I managed to convince him that almost every creature was ‘dinosaur-like,’ so thankfully no need to turn nearby kids into them. This turtle gets 5 stars for pulling off the late Jurassic period look.

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I’m not sure if we were allowed to sit on this piece of scenery, but we thought it was suitable for a snackage pit-stop anyway. Here is the “but you said you were getting raisins why did you get the camera instead” look.

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Right after eating, MaiTai said he wanted to go home. He says this about 20 minutes into any activity away from our residence so I wasn’t surprised. Reaching the exit required a continued trek through the exhibits, however. He was interested in the ‘crocodiles’ (American alligators, I corrected — he didn’t believe me) and a macaw whose environment was equipped with a speaker that ‘talked’ on its behalf (kinda weird).

MaiTai also liked these enormous fish that are from… Jupiter I think? I didn’t read the infographs but that seems about right. He noted that they are the size of Angus, my parents’ English mastiff.

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He was very excited to see a tank teeming with these bright fishies. He said “Look, they’re HAPPY fish!” He wanted me to take a picture of this one because “he’s smiling.”

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MaiTai was less impressed by virtually all other tank inhabitants. He said the octopus was sad. I asked why he thought that, and he said “Because he’s in the ee-ah [water] and it’s too wet.” I guess octopi prefer to keep their hair dry, too.

We missed the sting ray reef exhibit that allows you to feed them… but we did make it past the white tiger enclosure. Sigh. I had forgotten the Aquarium trapped these rather out-of-place animals in here recently. If MaiTai thought the octopus looked sad, he probably didn’t want to get too close a look at the big cats…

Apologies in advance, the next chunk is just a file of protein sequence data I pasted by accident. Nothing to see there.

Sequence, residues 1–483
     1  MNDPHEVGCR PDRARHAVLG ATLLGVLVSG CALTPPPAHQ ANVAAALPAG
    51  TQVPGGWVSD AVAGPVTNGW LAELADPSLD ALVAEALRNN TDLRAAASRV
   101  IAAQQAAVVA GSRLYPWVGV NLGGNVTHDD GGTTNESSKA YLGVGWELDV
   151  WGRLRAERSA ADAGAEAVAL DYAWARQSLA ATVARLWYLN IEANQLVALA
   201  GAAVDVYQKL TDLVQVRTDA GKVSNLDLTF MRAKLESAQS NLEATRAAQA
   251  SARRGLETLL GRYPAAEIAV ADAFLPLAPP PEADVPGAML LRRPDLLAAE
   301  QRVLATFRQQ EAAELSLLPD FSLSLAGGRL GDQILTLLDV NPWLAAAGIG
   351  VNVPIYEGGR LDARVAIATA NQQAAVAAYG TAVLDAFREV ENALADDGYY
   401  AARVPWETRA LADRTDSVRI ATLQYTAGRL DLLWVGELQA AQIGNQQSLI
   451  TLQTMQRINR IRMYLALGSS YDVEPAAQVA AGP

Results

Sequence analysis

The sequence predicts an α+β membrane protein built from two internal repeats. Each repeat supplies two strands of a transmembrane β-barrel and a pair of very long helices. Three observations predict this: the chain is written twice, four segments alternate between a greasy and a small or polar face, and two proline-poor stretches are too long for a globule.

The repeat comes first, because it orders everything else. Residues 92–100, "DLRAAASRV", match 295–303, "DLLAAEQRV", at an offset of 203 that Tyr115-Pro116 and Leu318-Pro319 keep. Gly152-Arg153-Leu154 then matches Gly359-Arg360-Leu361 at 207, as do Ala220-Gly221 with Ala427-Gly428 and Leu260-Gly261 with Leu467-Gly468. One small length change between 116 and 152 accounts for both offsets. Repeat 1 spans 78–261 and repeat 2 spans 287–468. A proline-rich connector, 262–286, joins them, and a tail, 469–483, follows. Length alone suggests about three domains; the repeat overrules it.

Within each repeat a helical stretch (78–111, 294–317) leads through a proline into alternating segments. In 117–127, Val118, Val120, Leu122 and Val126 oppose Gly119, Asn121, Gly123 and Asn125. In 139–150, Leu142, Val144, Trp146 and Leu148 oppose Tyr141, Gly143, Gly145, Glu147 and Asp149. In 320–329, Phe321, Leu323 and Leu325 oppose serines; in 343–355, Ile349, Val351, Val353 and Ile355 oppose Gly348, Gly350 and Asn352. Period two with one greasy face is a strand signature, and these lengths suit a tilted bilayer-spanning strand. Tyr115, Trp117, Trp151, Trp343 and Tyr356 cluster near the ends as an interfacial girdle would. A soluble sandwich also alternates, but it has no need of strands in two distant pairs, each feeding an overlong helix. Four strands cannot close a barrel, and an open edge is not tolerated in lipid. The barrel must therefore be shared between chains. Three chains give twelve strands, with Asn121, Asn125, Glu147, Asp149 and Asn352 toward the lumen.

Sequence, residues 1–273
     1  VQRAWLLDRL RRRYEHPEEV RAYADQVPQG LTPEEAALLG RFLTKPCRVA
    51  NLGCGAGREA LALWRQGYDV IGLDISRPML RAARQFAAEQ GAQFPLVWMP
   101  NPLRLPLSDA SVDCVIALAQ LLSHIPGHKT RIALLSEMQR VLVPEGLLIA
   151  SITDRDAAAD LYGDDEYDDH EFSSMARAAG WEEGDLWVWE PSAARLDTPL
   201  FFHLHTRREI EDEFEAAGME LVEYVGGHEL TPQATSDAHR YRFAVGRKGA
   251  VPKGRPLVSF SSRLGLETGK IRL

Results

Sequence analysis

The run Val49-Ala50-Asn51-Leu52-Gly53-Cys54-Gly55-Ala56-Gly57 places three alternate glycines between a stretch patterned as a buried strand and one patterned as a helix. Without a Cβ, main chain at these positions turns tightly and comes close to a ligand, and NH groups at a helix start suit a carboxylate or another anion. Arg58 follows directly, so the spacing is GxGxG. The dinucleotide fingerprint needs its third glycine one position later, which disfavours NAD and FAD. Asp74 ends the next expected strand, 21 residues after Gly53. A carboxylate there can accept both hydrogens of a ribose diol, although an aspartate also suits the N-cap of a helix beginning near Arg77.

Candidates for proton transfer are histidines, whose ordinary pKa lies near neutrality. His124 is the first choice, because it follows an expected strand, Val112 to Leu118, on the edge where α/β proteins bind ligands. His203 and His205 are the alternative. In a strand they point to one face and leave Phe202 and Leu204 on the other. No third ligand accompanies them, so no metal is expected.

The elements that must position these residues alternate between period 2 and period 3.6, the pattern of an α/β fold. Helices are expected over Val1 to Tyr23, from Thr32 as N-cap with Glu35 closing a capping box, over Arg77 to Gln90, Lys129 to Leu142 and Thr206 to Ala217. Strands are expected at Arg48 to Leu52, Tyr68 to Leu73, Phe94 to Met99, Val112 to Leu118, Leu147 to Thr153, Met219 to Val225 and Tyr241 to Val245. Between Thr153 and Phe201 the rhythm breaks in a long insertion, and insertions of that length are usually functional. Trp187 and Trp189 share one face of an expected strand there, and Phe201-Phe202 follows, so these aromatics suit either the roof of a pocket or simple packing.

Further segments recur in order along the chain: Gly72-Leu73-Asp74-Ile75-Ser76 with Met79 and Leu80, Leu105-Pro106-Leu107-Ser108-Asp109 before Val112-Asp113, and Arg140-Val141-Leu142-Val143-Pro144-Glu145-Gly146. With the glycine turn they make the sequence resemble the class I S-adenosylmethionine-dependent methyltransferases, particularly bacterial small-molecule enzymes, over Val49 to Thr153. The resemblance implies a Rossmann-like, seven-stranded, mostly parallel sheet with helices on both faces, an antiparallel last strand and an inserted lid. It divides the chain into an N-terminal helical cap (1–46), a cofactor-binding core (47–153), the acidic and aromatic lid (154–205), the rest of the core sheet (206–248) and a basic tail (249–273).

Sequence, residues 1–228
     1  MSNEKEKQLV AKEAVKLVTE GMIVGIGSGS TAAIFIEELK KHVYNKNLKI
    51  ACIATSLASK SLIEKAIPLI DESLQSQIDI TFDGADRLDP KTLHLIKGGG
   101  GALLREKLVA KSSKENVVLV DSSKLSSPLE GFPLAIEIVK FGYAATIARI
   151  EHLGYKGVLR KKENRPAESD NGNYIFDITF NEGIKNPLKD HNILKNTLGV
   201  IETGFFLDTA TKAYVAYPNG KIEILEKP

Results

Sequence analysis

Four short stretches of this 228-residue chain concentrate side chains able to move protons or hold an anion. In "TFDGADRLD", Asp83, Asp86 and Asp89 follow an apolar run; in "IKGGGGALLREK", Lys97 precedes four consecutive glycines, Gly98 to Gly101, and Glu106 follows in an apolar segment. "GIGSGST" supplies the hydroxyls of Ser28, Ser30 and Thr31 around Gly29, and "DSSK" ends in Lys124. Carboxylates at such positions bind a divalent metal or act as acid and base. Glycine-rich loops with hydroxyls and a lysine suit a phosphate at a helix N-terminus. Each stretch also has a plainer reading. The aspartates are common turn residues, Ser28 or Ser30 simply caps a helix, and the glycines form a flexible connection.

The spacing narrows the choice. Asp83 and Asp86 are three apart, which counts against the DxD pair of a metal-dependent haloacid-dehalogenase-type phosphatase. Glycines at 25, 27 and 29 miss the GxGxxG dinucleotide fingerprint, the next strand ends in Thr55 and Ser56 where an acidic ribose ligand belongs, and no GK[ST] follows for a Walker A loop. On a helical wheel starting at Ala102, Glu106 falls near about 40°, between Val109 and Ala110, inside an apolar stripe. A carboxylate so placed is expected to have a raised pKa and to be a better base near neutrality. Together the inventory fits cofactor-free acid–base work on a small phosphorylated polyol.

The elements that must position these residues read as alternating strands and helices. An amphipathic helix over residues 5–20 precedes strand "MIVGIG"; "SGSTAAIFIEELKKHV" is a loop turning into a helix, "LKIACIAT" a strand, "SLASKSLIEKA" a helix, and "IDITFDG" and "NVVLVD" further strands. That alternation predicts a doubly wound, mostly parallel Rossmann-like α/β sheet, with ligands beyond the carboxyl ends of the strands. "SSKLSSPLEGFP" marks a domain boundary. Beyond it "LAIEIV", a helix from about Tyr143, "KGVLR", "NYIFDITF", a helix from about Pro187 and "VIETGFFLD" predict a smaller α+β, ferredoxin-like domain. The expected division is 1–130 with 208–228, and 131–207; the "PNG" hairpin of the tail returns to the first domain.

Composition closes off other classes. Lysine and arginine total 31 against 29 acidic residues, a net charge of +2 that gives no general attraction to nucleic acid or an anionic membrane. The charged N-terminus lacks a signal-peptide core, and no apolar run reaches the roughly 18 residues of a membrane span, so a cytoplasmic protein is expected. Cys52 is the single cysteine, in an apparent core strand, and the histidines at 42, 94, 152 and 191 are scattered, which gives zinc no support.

He quickly dragged me past that crowded spectacle (thanks MaiTai!) into the Gift Shop (not so much thanks…) where he decided he wanted a stuffed white tiger because “it’s so cute.” Much cuter than a real tiger confined to inappropriate living quarters indeed… but I kept that thought to myself… mostly because we’d just observed a bunch of other species also in man-made environments and I felt myself sliding down that slippery slope of “where does hypocrisy began and end” and I just needed to get us (and our wallet) safely out of the Gift Shop.

Our friends pointed us in the direction of the rides. Yes, rides are always certain to win over MaiTai’s thrill-seeking personality!

First, the carousel.

And second, the carousel again.

MaiTai said this is his favorite photo from the day.

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Next, the train — which is wired with an absurdly loud recording that tells passengers some neat facts about marine life, peppered with reminders of the establishment’s ability to host birthdays and dinner parties.

When it first started playing, MaiTai yelled, “Tell him to BE QUIET!” Ha.

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The train took a tour around the perimeter of the Aquarium and made a stop in a tunnel where sharks swam to and fro and above us.

Over the bridge and through the woods…

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MaiTai said he didn’t like this part “because it looked dangerous.” Good instincts.

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So, all the other gaming amusements seemed to take cash only. Face painting was more compatible with our wallet options.

He came to the Aquarium a MaiTai, and left a Spider-Man.